This is an excerpt from Sport and Character: Reclaming the Priciples of Sportsmanship by Craig Clifford & Randolph Feezell.
Underlying all of the principles of sportsmanship is the assumption that participation in athletic competition is meaningful, valuable, worthwhile. Why else would we play? One of the reasons we owe respect, even gratitude, to opponents, teammates, coaches, and officials is that they make it possible for us to compete. They make it possible for us to participate in something valuable. The overarching concept that we use to refer to what we are participating in is “the game.” And, of course, the game is more than a game. We may have played a game Friday night, but by virtue of playing that game, you participated in the game. And just as a team effort is more than the sum of the individual efforts of the players and coach, the game is more than a particular game played on a particular day, more than a set of rules that determine how you go about trying to win, and even more than the sum of all of the individual efforts of the countless athletes who've played the game.
No matter what sport we're talking about, “the game” refers to a historical entity, rich in traditions and stories, greatness and great failure, tragedy and comedy, wisdom and folly. If you pick up the bat, you're participating in the same game that Babe Ruth played. You're drawing from his greatness, and you pay tribute to it with your efforts and achievements. There wouldn't be a game without the efforts and achievements of all the participants, but the game is something greater than each of us, and probably even greater than all of us. You can't point to the game in the same way you can point to an opponent or teammate. But you can realize that there is such a thing as the game and that it makes it possible for you to aspire to excellence, to understand something about the human condition, and to develop good character. It is the game in all its complexity that gives us the opportunity to play, and for that reason we owe our respect to the game.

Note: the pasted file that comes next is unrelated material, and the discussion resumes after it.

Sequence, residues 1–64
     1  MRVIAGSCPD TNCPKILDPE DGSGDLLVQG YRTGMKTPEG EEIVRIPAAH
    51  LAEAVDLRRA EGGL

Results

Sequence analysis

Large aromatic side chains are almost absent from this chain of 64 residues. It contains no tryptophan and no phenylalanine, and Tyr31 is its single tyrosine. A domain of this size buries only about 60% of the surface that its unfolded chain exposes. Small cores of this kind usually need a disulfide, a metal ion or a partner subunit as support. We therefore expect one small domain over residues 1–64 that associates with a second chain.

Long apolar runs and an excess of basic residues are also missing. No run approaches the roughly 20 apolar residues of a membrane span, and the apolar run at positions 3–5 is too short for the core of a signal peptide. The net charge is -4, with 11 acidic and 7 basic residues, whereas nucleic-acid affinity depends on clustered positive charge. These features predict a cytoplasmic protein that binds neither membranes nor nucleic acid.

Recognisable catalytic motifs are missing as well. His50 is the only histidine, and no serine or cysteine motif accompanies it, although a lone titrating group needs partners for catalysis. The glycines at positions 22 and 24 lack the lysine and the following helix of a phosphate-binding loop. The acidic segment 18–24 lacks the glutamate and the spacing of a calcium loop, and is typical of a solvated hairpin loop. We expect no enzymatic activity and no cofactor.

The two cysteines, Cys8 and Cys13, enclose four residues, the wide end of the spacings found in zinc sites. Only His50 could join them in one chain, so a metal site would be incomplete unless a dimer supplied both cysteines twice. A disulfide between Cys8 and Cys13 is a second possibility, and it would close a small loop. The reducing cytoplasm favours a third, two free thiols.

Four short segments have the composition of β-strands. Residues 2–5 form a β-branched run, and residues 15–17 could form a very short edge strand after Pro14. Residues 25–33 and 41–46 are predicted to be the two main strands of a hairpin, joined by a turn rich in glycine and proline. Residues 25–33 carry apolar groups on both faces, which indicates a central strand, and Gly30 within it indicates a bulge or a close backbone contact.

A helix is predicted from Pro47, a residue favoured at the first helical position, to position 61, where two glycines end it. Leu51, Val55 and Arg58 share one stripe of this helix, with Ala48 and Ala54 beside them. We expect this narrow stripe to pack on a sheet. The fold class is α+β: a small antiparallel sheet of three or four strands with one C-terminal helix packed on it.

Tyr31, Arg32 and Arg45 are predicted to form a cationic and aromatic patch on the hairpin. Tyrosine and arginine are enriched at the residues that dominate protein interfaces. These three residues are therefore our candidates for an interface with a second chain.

Because respect for the game is less a matter of particular behavior and more a matter of an overarching attitude, the development of that attitude can have a tremendous effect on young athletes. You must do more than teach your players the skills and strategies of their particular sport. Coaches are also educators of what philosophers once called the “passions” or the “sentiments.” Coaches constantly attempt to motivate players, instill desire, generate intensity, reward effort. Coaches perpetually deal with the feelings, emotions, and basic attitudes of their players. Because the development of good character involves the development of basic attitudes, coaches who take the moral education of young athletes seriously must teach them respect for the game.